However, designing for large- and grand-format takes a different style and approach, so I am going to go over some of the basics on how to set up files, as well as tips on how to design the files.
DESIGN USING VECTOR IMAGES
Vector images, for those not familiar with the term, are images that can retain their layout and basic components as they are increased in scale. A bit more technically, vector files say that you have a series of points that are always in this relationship, and as the file increases or decreases in scale, those points remain in the same relationship. You can fill a vector file with color, which again, as the file is scaled, will not change. Raster files, like photographs or any graphic image, are not vector files, and are susceptible to losing resolution as they are scaled up. The benefit of this is that you can build a small file, easily transferable via email or other file transfer, and keep it under a few megabytes, due to it being vector. If you do have photographs or graphics, you must make sure they are AT LEAST 300dpi, or even higher.
FONTS AND HOW THEY WILL BE SEEN
Font selection and sizing is also key to the success in the design. If you’re wanting the viewer to be able to read the copy, the fonts have to be large enough to read. Also, you must keep in mind that certain color combinations might be difficult to read, or difficult for the eye to see clearly (like a blue and red together often clash and can play visual tricks on the viewer). Think about where the item is going to be: outside; inside; back lit; front lit. All these factors can impact how the effective the fonts selected will be. Try to avoid script types of fonts, unless they are going to be quite large, and stay with bold fonts, sans-serif fonts.
IN THIS CASE, LESS IS MORE
Remember that banners and many large format applications need to get the message across quickly and succinctly. You need to recognize that in many cases, the viewer has seconds to see the message and understand it. Not only is font selection and size crucial, but content as well. Use as few words as you possibly can, and make sure the image and the copy reinforce each other.
DO YOU REALLY NEED TO HAVE ALL THAT INFO ON THERE?
On some banners or graphics, you need very little information, and possibly, a simple web address or phone number will suffice. But do you need to put things like street address, or other contact points? If you want to really get the information out to the viewer, a simple and EASY TO REMEMBER phone number is sufficient, and keep it as an 800 or 888 phone number with repetitive numbers or sequences. Make it as easy as possible for the viewer to retain that information. If your banner or sign is something accessible by foot (say a bus stop graphic), you can put more information on there, since they have time to read it. However, you still need to keep it simple and easy-to-read. An idea would be to add a QR code to the content, so the user can read the code with an app on their mobile device, and view a website, or a video, giving them even more information.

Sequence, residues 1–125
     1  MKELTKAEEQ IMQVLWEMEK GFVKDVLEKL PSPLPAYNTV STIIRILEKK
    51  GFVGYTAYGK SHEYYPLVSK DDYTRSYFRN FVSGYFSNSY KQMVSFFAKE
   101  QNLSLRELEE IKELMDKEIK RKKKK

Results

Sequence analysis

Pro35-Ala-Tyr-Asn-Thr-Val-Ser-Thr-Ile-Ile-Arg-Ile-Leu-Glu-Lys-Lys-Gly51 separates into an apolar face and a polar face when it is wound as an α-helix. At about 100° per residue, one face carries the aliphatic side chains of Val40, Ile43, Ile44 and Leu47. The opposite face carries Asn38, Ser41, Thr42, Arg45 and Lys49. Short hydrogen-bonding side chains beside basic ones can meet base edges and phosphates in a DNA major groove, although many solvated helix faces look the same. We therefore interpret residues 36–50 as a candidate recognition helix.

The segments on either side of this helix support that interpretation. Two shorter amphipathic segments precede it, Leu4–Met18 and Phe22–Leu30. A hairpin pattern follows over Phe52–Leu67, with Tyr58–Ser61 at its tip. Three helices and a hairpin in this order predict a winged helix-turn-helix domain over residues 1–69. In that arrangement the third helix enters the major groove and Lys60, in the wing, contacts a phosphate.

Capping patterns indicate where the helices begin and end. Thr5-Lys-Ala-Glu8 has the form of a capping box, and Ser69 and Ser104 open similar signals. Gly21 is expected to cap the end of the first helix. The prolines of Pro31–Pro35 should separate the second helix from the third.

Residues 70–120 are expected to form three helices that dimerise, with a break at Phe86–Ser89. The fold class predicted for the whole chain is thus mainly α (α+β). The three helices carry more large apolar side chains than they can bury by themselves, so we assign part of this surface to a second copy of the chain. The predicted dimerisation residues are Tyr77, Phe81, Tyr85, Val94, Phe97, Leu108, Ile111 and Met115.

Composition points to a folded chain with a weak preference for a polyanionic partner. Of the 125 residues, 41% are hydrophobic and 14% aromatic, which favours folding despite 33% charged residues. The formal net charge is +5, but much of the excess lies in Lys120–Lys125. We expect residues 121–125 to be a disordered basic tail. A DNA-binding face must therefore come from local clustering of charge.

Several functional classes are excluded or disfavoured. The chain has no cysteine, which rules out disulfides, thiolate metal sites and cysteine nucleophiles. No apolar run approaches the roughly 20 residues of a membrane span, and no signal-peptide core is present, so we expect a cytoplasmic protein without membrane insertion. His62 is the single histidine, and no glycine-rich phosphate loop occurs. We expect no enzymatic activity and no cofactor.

BEFORE YOU SUBMIT THE JOB…..
Look at it. If you have one of the nice, big Mac monitor, open it up full screen, step back from the monitor (maybe even across the room) and look at it. If you have a high end proofing device or a good desktop printer, print it out and pin or tape it to the wall. Step back and look. Think of the scale of the piece and then readability. If you can print out small sections at 100%, you can get a better idea of image resolution and how the fonts will read when the final banner or graphic is imaged.
Like designing for print, or for the web, designing for large format takes a different mind set, but once you have it down, it is relatively easy to do. The basic rules of design, font selection, graphics and content apply here as well, but in a different model. Becoming proficient is the goal, and becoming an expert at large format design is one more advantage to you and your clients or employer.